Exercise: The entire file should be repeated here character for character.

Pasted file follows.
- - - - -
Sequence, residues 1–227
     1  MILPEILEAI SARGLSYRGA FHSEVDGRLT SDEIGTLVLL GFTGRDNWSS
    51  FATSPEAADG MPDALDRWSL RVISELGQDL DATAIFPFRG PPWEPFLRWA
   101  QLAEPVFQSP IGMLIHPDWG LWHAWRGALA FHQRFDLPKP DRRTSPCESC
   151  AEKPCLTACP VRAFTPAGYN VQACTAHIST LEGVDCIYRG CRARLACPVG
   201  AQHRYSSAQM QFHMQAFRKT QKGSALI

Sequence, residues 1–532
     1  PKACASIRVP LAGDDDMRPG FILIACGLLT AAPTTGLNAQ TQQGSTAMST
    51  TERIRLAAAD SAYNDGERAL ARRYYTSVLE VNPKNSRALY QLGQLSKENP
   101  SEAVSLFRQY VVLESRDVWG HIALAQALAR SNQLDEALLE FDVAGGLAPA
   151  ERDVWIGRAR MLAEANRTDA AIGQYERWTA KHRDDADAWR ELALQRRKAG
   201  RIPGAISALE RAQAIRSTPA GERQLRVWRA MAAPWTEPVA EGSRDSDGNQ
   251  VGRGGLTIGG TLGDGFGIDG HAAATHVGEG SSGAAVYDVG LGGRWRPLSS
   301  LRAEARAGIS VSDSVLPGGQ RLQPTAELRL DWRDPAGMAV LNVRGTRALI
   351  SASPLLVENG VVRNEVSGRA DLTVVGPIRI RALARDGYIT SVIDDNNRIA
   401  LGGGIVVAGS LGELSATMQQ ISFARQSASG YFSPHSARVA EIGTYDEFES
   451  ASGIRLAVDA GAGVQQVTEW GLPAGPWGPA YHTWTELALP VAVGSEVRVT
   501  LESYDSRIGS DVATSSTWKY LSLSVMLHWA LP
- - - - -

Sequence, residues 1–227
     1  MILPEILEAI SARGLSYRGA FHSEVDGRLT SDEIGTLVLL GFTGRDNWSS
    51  FATSPEAADG MPDALDRWSL RVISELGQDL DATAIFPFRG PPWEPFLRWA
   101  QLAEPVFQSP IGMLIHPDWG LWHAWRGALA FHQRFDLPKP DRRTSPCESC
   151  AEKPCLTACP VRAFTPAGYN VQACTAHIST LEGVDCIYRG CRARLACPVG
   201  AQHRYSSAQM QFHMQAFRKT QKGSALI

Sequence, residues 1–532
     1  PKACASIRVP LAGDDDMRPG FILIACGLLT AAPTTGLNAQ TQQGSTAMST
    51  TERIRLAAAD SAYNDGERAL ARRYYTSVLE VNPKNSRALY QLGQLSKENP
   101  SEAVSLFRQY VVLESRDVWG HIALAQALAR SNQLDEALLE FDVAGGLAPA
   151  ERDVWIGRAR MLAEANRTDA AIGQYERWTA KHRDDADAWR ELALQRRKAG
   201  RIPGAISALE RAQAIRSTPA GERQLRVWRA MAAPWTEPVA EGSRDSDGNQ
   251  VGRGGLTIGG TLGDGFGIDG HAAATHVGEG SSGAAVYDVG LGGRWRPLSS
   301  LRAEARAGIS VSDSVLPGGQ RLQPTAELRL DWRDPAGMAV LNVRGTRALI
   351  SASPLLVENG VVRNEVSGRA DLTVVGPIRI RALARDGYIT SVIDDNNRIA
   401  LGGGIVVAGS LGELSATMQQ ISFARQSASG YFSPHSARVA EIGTYDEFES
   451  ASGIRLAVDA GAGVQQVTEW GLPAGPWGPA YHTWTELALP VAVGSEVRVT
   501  LESYDSRIGS DVATSSTWKY LSLSVMLHWA LP